NanoPack, starting in January 2017 and running until the end of 2019, will be co-ordinated by Technion – the Israel Institute of Technology.
Partners include Constantia Flexibles, Dawn Meats Group, Arla Foods, Vertech Group Stichting Effost and a Fraunhofer unit.
The project will use natural Halloysite Nanotubes (HNTs) as carriers of bio-active compounds which do not migrate from the packaging into food.
Processes will be validated through five pilot runs on existing production lines: 1) loading antimicrobials, 2) anti-microbial HNT polymer production, 3) anti-microbial packaging film production and 4-5) using the novel packaging on food products.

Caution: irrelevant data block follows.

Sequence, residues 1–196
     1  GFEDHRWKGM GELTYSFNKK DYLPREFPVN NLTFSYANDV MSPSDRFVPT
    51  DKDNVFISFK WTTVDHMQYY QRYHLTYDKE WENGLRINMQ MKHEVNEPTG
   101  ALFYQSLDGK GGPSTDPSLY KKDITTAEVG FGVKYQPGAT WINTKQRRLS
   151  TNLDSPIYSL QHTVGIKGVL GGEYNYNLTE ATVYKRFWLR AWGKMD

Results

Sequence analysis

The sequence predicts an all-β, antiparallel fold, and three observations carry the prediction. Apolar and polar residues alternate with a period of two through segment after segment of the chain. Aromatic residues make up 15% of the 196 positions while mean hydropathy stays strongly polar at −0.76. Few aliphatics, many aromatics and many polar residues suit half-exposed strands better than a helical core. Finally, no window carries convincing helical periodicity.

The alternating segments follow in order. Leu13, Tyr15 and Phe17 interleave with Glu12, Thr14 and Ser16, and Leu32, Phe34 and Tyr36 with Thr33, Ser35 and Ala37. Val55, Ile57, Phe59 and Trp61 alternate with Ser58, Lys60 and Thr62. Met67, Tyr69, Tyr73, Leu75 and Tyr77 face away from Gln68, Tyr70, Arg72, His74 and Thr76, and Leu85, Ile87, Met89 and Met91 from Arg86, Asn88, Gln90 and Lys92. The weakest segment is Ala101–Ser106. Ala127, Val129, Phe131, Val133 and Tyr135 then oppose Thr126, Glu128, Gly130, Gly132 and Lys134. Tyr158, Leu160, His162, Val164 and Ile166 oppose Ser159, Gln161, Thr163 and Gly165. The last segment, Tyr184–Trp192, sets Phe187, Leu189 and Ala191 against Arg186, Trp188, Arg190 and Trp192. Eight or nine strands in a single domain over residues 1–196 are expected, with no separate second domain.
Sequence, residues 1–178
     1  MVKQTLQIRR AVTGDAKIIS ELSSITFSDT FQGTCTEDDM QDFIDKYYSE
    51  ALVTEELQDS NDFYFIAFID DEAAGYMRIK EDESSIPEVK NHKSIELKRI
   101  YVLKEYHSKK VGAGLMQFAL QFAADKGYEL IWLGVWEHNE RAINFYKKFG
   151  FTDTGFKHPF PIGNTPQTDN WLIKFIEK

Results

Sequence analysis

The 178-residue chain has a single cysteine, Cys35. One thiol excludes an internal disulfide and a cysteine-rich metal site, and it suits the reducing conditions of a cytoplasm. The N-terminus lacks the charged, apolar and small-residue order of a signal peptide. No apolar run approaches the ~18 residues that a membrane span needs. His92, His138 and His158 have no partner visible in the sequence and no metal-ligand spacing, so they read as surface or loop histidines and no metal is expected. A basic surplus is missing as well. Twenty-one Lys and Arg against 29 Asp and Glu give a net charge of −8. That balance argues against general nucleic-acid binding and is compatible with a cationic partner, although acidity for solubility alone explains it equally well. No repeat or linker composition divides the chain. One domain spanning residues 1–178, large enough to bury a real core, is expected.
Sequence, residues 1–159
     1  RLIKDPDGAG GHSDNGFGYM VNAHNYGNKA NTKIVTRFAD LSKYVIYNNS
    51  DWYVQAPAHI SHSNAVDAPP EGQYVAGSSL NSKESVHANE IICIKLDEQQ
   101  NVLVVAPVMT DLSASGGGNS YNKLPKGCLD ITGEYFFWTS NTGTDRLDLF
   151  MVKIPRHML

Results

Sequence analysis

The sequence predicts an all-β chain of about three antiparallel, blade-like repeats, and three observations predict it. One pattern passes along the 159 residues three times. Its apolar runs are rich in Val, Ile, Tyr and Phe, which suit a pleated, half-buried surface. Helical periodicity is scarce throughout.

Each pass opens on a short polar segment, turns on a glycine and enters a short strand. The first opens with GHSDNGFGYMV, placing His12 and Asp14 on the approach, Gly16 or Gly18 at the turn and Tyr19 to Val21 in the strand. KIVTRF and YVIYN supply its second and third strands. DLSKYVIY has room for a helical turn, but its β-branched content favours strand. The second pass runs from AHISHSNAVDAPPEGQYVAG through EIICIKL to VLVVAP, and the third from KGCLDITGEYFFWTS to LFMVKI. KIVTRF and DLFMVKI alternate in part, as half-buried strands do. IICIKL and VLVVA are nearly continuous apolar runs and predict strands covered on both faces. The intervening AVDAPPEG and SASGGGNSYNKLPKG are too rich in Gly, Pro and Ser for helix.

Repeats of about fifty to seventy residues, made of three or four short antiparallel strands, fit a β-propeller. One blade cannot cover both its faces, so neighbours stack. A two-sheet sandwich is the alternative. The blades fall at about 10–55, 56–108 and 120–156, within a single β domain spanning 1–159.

Commercial feasibility will be assessed, including consumer acceptance and legal, regulatory, safety and environmental aspects.
NanoPack will result in nanotechnology-based antimicrobial packaging that will enhance food safety, prevent foodborne illness outbreaks and reduce food waste caused by early spoilage.
As part of a previous project, also called NanoPack, Technion developed multifunctional nanomaterials and devices for use in intelligent forms of food packaging.
The materials were based on electrochemically-prepared nanostructured inorganic porous scaffolds, composed of silicon (Si) and silicon oxide (SiO2) and hybrids with various polymers/hydrogels.